Sunday, 28 August 2016

Rocroi or Rocroy – which is correct?

Well I don't know and reading the various accounts by diverse official bodies it seems that they do not know either. Having just spent an enjoyable two days there I can tell you that the only way to get the full view of the remarkable fortifications which have decided the shape of this town is to be a bird. 
Rocroi, fortified village in northern France.
I could find no viewpoint to give justice to the design of the town so I reproduce above a published aerial view. 

Military historians know Rocroy (or Rocroi) for the battle which took place there in 1643 between the army of the newly crowned King Louis XIV of France and the combined forces of the Spanish Netherlands who had stood undefeated in battle for a claimed 100 years. The French army was victorious and the course of history changed as Louis XIV went on to redefine the borders of France.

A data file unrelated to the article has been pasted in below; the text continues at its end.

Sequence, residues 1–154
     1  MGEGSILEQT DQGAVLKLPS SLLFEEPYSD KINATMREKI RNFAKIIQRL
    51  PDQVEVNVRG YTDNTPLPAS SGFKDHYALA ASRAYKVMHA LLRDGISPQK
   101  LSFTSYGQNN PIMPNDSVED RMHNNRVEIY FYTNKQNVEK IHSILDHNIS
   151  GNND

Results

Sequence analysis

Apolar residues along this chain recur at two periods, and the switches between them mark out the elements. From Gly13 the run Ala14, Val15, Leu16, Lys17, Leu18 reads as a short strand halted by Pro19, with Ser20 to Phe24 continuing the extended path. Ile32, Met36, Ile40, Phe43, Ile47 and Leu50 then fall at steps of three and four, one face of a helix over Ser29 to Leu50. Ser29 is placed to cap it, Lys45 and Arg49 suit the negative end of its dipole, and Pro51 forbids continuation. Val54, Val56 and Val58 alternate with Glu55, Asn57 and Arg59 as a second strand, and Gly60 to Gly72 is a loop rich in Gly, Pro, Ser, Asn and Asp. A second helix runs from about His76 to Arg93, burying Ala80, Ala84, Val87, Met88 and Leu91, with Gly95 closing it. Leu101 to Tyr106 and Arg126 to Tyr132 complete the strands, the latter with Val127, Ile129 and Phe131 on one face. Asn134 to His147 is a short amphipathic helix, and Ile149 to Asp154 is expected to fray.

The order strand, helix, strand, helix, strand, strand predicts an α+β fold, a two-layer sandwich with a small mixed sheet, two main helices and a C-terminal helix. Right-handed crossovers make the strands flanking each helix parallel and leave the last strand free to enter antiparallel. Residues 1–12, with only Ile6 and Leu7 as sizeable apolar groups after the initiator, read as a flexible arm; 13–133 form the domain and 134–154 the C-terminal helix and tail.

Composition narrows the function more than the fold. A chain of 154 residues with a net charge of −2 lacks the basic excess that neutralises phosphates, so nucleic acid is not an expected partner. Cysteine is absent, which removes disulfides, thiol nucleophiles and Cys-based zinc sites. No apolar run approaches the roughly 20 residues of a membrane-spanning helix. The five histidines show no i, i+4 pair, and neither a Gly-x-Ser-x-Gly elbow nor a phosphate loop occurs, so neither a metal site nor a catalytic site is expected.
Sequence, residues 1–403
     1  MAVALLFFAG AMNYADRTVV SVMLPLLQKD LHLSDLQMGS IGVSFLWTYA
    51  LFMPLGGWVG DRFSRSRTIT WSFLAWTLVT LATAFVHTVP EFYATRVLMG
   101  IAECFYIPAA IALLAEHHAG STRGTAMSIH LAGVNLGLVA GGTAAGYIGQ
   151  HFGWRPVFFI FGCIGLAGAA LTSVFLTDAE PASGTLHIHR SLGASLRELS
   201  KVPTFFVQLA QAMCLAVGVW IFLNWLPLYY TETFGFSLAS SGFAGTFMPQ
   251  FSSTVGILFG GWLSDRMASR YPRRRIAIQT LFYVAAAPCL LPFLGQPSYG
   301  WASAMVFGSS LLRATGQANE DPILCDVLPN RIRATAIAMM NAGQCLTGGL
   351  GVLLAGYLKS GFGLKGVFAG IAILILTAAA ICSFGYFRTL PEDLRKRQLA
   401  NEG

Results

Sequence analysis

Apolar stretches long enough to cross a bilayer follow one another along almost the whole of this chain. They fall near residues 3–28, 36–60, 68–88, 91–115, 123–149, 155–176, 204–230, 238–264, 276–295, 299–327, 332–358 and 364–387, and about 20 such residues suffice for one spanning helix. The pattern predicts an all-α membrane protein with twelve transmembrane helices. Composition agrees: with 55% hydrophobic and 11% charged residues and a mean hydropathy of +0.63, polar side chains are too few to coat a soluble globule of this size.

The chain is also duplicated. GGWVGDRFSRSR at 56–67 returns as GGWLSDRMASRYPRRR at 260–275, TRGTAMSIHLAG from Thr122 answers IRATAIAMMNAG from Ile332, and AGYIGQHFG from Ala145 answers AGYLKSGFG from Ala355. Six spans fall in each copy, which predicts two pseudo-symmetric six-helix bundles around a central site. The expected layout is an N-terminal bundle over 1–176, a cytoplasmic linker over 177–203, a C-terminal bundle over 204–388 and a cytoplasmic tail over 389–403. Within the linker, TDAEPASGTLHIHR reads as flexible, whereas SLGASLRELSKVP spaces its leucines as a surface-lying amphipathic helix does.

Rocroi, being a frontier town, had been fortified in various stages by different occupants over the centuries, each adding a layer. Eventually, of course, the fortifications themselves were rendered redundant by the developments in artillery and the town's military status was rescinded in 1886.
Church of St Nicolas, Rocroi.

Left is the church of St Nicolas which was sited across the square opposite our hotel.

Visit Rocroi, take a stroll for 4km around the top of the fortifications and then sit at a cafe terrace in the Place d'Armes and absorb the peace and tranquility of the town centre.

If you stay longer I can recommend the Hotel Au Sabots d'Hélène. Parking is free in the square and, surprisingly, there always seems to be empty places.

But you really need to be a bird to fully appreciate the town's character.

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